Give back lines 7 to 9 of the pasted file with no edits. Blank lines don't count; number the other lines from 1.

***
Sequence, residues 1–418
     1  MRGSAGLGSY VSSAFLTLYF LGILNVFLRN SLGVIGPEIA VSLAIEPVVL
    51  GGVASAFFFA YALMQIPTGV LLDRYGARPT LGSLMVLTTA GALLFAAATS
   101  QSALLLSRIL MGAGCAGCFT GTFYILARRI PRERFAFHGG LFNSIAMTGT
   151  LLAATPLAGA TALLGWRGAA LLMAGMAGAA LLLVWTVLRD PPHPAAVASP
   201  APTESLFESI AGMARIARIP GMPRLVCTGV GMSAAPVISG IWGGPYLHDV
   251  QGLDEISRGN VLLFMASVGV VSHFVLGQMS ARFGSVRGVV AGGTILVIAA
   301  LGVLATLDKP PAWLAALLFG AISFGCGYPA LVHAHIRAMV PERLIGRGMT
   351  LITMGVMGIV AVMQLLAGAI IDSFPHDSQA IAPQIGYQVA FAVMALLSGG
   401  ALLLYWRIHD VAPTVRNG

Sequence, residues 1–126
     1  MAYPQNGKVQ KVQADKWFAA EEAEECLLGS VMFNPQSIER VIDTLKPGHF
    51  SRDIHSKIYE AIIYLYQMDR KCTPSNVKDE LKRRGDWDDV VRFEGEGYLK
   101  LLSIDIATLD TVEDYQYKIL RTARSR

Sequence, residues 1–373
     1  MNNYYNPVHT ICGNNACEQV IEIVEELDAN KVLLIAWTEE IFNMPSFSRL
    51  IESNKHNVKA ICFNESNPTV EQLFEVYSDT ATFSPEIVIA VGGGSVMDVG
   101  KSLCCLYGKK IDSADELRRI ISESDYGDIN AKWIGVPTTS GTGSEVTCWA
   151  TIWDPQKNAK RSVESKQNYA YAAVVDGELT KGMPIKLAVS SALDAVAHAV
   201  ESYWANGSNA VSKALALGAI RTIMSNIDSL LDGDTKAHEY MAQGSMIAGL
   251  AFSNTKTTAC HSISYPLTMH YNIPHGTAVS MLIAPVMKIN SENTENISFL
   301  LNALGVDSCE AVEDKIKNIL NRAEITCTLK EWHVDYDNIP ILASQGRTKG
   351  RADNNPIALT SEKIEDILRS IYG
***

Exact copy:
   251  QGLDEISRGN VLLFMASVGV VSHFVLGQMS ARFGSVRGVV AGGTILVIAA
   301  LGVLATLDKP PAWLAALLFG AISFGCGYPA LVHAHIRAMV PERLIGRGMT
   351  LITMGVMGIV AVMQLLAGAI IDSFPHDSQA IAPQIGYQVA FAVMALLSGG